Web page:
Jersey v. John Muir Med. Ctr., 97 Cal. App. 4th 814 (2002)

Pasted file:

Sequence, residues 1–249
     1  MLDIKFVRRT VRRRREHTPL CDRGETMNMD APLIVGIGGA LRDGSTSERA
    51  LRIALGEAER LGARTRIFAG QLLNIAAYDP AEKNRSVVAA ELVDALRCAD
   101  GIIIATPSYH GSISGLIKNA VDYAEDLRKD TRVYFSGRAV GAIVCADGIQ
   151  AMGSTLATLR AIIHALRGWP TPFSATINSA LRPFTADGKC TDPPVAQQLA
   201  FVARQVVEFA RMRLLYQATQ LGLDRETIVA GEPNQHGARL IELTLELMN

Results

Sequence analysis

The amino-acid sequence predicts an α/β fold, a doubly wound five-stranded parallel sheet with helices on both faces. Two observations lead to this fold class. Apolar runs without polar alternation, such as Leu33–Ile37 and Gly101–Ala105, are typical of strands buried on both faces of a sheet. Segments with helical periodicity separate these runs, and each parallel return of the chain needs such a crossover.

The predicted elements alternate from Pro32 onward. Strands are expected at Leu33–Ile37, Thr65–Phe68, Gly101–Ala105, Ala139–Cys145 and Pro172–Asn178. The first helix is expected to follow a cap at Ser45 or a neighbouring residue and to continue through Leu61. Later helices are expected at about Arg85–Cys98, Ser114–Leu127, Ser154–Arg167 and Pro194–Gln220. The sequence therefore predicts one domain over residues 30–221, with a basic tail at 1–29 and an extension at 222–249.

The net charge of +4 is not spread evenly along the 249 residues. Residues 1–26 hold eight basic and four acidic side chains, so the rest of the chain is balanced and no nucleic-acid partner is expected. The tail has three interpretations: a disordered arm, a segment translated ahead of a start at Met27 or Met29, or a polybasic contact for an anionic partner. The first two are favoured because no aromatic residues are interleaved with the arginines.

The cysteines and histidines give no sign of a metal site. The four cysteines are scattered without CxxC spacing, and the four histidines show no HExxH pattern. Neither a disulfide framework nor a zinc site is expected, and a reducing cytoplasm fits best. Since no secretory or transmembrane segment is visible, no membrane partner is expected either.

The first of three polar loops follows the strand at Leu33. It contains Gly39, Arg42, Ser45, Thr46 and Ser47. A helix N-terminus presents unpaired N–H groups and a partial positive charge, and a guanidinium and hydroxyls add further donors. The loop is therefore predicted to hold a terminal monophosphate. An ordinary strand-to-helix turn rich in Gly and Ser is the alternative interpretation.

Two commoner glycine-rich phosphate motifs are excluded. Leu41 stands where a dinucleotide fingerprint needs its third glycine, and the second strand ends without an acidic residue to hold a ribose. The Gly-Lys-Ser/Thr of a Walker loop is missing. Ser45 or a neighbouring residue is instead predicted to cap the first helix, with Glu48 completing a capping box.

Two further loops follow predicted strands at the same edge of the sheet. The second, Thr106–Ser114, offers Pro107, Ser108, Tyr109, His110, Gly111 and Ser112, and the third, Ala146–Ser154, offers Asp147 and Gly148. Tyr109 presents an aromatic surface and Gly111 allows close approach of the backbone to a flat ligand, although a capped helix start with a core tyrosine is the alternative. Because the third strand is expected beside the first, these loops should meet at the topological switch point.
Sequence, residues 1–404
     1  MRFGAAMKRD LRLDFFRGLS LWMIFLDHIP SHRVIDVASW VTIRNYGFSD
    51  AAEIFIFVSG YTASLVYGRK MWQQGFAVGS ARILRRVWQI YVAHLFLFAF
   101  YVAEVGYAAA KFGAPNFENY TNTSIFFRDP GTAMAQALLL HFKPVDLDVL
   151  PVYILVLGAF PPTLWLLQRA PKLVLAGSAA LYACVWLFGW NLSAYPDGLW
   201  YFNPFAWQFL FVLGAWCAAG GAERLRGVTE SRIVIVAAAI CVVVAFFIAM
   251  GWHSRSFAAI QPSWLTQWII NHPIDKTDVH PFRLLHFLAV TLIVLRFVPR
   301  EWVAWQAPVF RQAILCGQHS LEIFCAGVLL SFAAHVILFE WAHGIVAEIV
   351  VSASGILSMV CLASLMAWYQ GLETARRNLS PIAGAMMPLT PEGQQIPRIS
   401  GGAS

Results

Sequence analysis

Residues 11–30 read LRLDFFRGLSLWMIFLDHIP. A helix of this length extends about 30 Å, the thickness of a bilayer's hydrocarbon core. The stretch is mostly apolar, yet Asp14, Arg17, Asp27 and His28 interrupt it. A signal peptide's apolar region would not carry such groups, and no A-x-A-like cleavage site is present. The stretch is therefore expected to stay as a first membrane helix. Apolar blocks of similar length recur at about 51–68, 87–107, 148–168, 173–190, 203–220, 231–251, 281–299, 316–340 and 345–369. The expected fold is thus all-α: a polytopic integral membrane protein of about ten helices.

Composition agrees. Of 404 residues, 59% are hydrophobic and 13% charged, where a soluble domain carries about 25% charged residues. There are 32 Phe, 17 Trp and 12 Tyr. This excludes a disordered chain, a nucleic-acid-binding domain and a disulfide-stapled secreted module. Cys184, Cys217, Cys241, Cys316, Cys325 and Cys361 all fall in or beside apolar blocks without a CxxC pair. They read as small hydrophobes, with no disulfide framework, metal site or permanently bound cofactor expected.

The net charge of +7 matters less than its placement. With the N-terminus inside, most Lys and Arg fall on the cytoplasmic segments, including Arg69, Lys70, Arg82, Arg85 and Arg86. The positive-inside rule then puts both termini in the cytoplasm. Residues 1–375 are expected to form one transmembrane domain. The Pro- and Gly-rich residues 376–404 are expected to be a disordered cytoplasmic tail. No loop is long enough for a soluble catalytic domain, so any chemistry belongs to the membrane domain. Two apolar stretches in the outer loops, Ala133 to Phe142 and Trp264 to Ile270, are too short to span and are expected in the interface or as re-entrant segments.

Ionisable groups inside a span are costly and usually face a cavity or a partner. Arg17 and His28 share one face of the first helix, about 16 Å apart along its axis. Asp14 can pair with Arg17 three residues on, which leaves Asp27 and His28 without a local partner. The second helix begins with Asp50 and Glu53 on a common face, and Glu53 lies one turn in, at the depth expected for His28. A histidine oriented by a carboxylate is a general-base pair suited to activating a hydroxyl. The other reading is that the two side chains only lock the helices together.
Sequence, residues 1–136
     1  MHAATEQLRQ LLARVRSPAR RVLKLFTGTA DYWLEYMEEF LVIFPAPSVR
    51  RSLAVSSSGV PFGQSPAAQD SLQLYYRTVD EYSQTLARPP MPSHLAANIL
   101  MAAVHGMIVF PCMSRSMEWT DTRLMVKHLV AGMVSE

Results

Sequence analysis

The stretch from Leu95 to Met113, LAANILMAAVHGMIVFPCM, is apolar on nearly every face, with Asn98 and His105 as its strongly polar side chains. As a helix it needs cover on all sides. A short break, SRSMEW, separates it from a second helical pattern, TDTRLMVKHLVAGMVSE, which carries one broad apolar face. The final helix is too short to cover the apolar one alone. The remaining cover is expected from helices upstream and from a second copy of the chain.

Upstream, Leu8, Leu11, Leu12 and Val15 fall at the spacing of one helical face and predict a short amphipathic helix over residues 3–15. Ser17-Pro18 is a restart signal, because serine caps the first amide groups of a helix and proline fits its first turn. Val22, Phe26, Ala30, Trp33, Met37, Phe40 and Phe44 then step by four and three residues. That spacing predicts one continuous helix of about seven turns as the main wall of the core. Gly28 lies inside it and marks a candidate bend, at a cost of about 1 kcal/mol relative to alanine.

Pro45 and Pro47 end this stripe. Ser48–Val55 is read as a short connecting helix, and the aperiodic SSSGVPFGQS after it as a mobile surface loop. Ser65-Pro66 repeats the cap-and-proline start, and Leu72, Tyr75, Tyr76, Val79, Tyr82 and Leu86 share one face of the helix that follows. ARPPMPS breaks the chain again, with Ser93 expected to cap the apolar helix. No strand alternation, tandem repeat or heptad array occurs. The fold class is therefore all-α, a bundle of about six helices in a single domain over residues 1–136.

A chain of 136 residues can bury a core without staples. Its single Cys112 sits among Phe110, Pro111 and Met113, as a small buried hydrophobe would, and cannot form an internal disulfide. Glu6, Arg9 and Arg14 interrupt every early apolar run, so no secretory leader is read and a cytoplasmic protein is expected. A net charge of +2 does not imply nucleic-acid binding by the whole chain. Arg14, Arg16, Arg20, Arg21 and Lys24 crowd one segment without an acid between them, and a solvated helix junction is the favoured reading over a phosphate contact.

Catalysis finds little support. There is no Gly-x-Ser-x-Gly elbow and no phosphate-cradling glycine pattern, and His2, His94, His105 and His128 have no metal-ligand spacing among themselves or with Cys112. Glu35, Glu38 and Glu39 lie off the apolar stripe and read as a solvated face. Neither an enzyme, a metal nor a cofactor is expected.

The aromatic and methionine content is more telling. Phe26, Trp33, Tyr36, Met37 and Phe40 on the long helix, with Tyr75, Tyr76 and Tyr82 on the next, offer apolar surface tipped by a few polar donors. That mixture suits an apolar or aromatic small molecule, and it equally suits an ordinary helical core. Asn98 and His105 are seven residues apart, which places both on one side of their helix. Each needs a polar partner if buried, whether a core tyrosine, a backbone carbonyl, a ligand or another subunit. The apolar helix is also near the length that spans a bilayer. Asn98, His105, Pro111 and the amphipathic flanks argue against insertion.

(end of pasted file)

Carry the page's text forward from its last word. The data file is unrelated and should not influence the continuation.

Ester Jersey was employed as a nursing assistant and technician at a hospital when she was injured by a patient in the rehabilitation unit who was suffering from head trauma. Less than one year later, Jersey filed a personal injury action against the hospital’s former patient. When Jersey’s superiors at the hospital found out about the lawsuit, they demanded that she dismiss the action or be considered to have resigned her position. When Jersey refused to dismiss the action, she was deemed to have resigned. In her subsequent lawsuit against the hospital, Jersey alleged, among other things, wrongful termination in violation of public policy. The trial court granted the hospital’s motion for summary judgment on the ground that “there is no public policy that bars … employers from reacting adversely to lawsuits filed by their employees.” The Court of Appeal affirmed the dismissal, holding that it is not “against public policy for an employer to insist that its employees not sue its customers, clients or patients.” The Court similarly affirmed dismissal of Jersey’s claims for sex discrimination (no evidence); breach of contract (plaintiff was employed at-will); and intentional and negligent infliction of emotional distress (no outrageous conduct). However, the Court reversed the order awarding attorneys’ fees to the employer because there was no evidence that Jersey’s unsuccessful sex discrimination claim was “frivolous.”